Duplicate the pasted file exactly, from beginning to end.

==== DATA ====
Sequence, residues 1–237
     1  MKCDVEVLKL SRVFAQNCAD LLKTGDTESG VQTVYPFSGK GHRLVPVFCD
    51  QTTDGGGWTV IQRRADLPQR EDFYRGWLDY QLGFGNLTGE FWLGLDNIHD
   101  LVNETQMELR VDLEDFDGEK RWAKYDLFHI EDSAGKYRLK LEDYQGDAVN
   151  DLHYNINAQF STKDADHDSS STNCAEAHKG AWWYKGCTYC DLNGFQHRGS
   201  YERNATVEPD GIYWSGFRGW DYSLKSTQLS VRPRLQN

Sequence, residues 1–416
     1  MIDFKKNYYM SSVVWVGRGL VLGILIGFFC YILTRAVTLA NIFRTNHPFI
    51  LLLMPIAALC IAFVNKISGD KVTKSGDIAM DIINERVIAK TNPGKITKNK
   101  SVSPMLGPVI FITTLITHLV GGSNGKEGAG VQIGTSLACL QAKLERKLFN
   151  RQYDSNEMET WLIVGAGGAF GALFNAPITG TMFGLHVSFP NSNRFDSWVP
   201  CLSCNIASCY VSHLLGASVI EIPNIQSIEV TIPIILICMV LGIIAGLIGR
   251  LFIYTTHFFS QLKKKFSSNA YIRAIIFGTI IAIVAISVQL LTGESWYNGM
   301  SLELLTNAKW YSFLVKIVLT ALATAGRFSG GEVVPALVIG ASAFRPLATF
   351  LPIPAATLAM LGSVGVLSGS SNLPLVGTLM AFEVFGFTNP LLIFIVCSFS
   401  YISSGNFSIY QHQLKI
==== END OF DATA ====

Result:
Sequence, residues 1–237
     1  MKCDVEVLKL SRVFAQNCAD LLKTGDTESG VQTVYPFSGK GHRLVPVFCD
    51  QTTDGGGWTV IQRRADLPQR EDFYRGWLDY QLGFGNLTGE FWLGLDNIHD
   101  LVNETQMELR VDLEDFDGEK RWAKYDLFHI EDSAGKYRLK LEDYQGDAVN
   151  DLHYNINAQF STKDADHDSS STNCAEAHKG AWWYKGCTYC DLNGFQHRGS
   201  YERNATVEPD GIYWSGFRGW DYSLKSTQLS VRPRLQN

Sequence, residues 1–416
     1  MIDFKKNYYM SSVVWVGRGL VLGILIGFFC YILTRAVTLA NIFRTNHPFI
    51  LLLMPIAALC IAFVNKISGD KVTKSGDIAM DIINERVIAK TNPGKITKNK
   101  SVSPMLGPVI FITTLITHLV GGSNGKEGAG VQIGTSLACL QAKLERKLFN
   151  RQYDSNEMET WLIVGAGGAF GALFNAPITG TMFGLHVSFP NSNRFDSWVP
   201  CLSCNIASCY VSHLLGASVI EIPNIQSIEV TIPIILICMV LGIIAGLIGR
   251  LFIYTTHFFS QLKKKFSSNA YIRAIIFGTI IAIVAISVQL LTGESWYNGM
   301  SLELLTNAKW YSFLVKIVLT ALATAGRFSG GEVVPALVIG ASAFRPLATF
   351  LPIPAATLAM LGSVGVLSGS SNLPLVGTLM AFEVFGFTNP LLIFIVCSFS
   401  YISSGNFSIY QHQLKI